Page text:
Mixed in with these events was a couples' banquet (around twenty participated), a couple of baby showers, the women's prayer group monthly meeting and the decoration committee changing the "look" of the worship area plus a few other odds and ends.

Coming up this Sunday, the 10th, is the church's anniversary...31 years. I will write about that next time.

Thanks for dropping by to read. Until next time...

Johnathan and Mary

January 21

Christmas is finally over and everything is put away. Since our last blog, the church celebrated Christmas on December 23, enjoying the traditional sound of a men's trio who did a wonderful job singing and playing guitars and maracas. The church dinner after the service was very traditional; roast pork, rice, pigeon peas and "pasteles" (a dish made of ground green bananas and an assortment of spices) and flans. The last Sunday of the year was spent viewing photos of the events and accomplishments throughout 2018.

To emphasize "our calling to serve", throughout Christmas the church took up special offerings to help fund a mission project to take place in June. Organized by Santos Torres, one of our colleagues, the goal was to raised money to buy school supplies for hundreds of Dominican children as well as groceries for indigent families. The congregation responded well by giving $550.00 dollars.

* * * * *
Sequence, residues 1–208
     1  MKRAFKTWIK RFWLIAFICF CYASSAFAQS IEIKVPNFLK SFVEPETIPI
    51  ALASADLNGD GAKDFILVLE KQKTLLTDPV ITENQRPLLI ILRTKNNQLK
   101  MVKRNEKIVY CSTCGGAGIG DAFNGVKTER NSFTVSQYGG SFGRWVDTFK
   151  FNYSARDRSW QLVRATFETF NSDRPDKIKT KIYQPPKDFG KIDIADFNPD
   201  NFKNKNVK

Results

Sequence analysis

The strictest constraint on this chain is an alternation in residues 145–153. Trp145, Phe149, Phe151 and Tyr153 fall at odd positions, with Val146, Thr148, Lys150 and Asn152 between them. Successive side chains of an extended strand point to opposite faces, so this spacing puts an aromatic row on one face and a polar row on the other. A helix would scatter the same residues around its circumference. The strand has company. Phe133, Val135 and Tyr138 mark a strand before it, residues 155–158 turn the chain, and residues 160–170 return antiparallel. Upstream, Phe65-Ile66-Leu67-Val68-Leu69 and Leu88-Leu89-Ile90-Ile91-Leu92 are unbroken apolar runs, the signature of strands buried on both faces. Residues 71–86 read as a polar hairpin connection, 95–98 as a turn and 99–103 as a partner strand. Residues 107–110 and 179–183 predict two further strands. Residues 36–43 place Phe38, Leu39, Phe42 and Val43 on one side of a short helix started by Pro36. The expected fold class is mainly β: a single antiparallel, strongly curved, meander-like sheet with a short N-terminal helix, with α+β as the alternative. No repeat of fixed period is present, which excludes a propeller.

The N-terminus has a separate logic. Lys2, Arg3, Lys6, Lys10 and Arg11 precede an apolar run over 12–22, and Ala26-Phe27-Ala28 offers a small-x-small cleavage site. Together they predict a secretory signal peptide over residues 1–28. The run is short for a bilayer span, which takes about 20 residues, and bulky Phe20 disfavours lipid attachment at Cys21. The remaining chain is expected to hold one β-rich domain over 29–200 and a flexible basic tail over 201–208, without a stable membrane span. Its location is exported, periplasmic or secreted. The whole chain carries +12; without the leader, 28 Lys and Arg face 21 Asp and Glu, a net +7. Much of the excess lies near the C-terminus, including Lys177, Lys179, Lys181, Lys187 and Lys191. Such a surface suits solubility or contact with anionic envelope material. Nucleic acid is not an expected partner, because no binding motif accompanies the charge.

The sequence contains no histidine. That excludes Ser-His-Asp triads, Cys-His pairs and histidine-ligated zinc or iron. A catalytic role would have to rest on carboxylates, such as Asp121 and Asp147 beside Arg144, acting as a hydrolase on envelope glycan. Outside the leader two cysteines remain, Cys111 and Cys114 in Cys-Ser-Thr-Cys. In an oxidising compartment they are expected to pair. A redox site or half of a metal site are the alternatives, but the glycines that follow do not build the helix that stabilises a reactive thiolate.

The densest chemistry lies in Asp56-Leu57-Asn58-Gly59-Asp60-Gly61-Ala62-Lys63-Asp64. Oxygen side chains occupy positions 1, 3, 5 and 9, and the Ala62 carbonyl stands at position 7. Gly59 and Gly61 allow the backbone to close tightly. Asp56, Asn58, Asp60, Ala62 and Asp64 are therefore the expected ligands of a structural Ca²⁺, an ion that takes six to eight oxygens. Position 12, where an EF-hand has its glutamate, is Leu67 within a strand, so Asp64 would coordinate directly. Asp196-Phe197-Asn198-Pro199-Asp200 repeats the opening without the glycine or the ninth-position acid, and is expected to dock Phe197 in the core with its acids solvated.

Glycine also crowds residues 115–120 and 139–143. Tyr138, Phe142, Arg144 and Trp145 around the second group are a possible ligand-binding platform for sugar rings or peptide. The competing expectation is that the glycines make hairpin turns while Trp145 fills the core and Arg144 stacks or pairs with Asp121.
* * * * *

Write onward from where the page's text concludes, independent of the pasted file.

The Kings visit the children at church
Moving into 2019; January 6 was Three Kings' Day, the Puerto Rican equivalent of Christmas. Since it fell on Sunday, the day was made special with a play written by our primary music leader and performed by the church's drama ministry. At the end of the play three of the men dressed as the Kings passed out candy to everyone and gifts to the children.

The twelve ministries of the church are off to the races. All but two or three church members signed up to work in one or two of these opportunities of service. Many of the groups have set dates and goals and met with the members. Just one is waiting attention, Community Outreach. Tomorrow night the leaders meet to give shape and direction to this ministry. I do believe it will be a good year.

Ready to leave for the retreat
Mountain youth retreat
Last weekend was our annual youth retreat. We chose a spot perched on the top of a  2,150' mountain. What a beautiful location. The entire southwest corner of the island filled the panorama below us. Although it was one more of many youth retreats we have had (somewhere between 35-45), it was special none the less. The dean for the retreat grew up in our church. He organized a good portion of the retreat and made the calls most of the time. It really was a delight to see him in charge! Since many of the campers were first time campers (most, age twelve), some moms went along to help supervise. They were put to work teaching, cooking and being dorm moms. There were seventeen from our church that attended and four from another congregation, twenty-one in all.

Coming up soon is a women's retreat in February.  The ladies from the neighboring town of Hormigueros are in charge this year. Also, coming up on the calendar is Agape/Phileo Sunday just before Valentines Day. Later on we will mark International Missions Sunday and the church's anniversary.
IDES project

I should add before I close that the two houses being built with IDES funds are progressing nicely. One is more or less done on the outside and all that is lacking is the floor and finish work on the interior. The other is soon to be plastered inside and out. They are turning out beautifully. Hats off to IDES for their help.

That does it till next time. Blessings.